In order to determine whether the services in question constitute activities linked to the issuance of e-money, it is necessary to determine whether those services are inherently linked to the issuance or redemption of electronic money. In its judgement, the CJEU decided that Article 5(2) of Directive 2009/110 must be interpreted as meaning that services provided by EMIs in payment transactions such as Services 1 and 2 constitute activities linked to the issuance of e-money, if those services trigger the issuance or redemption of e-money in a single payment transaction.
The question whether the payment services at issue trigger issuance or redemption of e-money is a matter which is to be ascertained by the referring courts in light of the fact that the issue is a merit of proof and not an interpretation of European law. By way of conclusion, Services 1 and 2 are linked to e-money, and therefore Method D comes into play, if and when, in case of Service 1, the redemption involves the sending of funds directly to a third-party bank account without passing through the e-money holder and, in case Service 2, there is acceptance of payment for the product or service upon receipt of funds. The case has now been referred back to the Lithuanian Supreme Administrative Court.
In addition to the above analysis, there is another notable principle which should not go unnoticed, especially in light of the blockchain and crypto fever pervading in Malta. This principle purported by this judgement emanates from recital 8 of EMD II which states that:
the definition of electronic money should cover electronic money whether it is held on a payment device in the electronic money holder’s possession or stored remotely at a server and managed by the electronic money holder through a specific account for electronic money. That definition should be wide enough to avoid hampering technological innovation and to cover not only all the electronic money products available today in the market but also those products which could be developed in the future.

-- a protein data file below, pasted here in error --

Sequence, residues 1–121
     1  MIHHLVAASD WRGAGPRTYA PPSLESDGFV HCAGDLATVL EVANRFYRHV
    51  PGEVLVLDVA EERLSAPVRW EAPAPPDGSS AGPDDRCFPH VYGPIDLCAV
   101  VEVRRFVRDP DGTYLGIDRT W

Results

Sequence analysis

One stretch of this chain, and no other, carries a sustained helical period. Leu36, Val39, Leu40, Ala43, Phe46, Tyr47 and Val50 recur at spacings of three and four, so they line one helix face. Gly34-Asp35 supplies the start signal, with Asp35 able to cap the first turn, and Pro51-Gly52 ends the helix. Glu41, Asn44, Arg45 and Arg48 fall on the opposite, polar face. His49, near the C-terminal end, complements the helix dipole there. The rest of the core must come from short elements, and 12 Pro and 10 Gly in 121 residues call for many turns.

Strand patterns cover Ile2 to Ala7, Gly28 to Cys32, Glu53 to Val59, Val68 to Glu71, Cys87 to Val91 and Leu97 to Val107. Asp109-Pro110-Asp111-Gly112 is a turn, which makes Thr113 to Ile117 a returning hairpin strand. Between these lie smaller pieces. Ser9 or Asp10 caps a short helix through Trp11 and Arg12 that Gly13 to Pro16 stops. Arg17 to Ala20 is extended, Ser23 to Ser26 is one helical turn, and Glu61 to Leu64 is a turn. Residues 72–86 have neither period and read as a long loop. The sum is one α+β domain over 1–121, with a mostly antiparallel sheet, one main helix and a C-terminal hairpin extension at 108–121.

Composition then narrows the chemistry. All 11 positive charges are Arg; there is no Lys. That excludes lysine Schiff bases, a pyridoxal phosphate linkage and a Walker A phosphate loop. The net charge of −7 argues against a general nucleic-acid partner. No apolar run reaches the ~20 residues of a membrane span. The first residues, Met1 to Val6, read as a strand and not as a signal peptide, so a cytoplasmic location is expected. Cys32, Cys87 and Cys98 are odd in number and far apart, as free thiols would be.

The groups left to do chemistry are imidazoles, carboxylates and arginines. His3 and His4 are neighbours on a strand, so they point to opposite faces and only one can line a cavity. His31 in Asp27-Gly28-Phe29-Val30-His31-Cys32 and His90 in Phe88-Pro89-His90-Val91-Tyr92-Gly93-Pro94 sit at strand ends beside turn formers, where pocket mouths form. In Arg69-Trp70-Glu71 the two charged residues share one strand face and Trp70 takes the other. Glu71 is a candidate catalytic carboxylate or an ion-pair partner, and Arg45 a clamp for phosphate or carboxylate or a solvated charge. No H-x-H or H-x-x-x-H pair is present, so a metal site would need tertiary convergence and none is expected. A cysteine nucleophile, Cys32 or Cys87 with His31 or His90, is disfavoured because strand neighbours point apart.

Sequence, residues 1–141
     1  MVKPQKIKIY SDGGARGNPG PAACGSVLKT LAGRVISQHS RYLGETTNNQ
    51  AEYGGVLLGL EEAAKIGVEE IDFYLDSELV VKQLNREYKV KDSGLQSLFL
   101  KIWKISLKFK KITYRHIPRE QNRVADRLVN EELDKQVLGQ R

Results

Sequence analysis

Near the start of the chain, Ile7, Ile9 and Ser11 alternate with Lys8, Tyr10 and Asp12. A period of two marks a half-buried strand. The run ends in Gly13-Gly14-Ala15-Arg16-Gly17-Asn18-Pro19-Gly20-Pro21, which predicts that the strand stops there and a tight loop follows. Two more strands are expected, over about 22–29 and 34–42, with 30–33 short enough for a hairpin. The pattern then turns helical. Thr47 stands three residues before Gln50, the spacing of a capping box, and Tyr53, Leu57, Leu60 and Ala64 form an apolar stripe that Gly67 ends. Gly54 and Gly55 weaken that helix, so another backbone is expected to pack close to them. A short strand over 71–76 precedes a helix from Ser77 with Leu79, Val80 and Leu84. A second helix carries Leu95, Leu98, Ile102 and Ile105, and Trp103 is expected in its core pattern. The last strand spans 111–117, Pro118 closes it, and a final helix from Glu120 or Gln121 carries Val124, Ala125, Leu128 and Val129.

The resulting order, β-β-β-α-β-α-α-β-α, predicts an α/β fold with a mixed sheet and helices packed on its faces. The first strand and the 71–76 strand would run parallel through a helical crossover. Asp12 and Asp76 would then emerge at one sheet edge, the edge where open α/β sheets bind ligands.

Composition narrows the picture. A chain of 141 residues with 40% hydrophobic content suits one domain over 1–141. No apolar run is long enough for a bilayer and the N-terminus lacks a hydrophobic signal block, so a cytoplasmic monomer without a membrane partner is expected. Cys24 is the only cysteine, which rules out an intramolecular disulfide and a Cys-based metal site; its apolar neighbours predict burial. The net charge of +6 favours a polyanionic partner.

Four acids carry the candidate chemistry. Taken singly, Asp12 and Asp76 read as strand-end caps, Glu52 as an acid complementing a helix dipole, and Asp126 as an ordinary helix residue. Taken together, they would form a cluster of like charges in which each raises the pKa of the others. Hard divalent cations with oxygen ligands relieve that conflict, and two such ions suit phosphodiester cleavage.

While the matter is not particularly relevant to the contested issue between the Lithuanian parties, it is pertinent to outline that this technology-neutral recital opens the doors to the classification as electronic money of non-conventional products which are constantly being developed, such as stable coins. To this effect, the European Banking Authority has recently issued a report wherein it confirmed the possibility of crypto-assets which exhibit certain characteristics, to qualify as e-money thereby falling within the scope of the EMDII. In such cases, authorisation as an EMI would be required to carry out activities involving electronic money pursuant to Title II of the EMD2 unless a limited network exemption applies in accordance with Article 9 of that Directive.
This article was first published in The Malta Independent (Law Report), Wednesday, 6th March.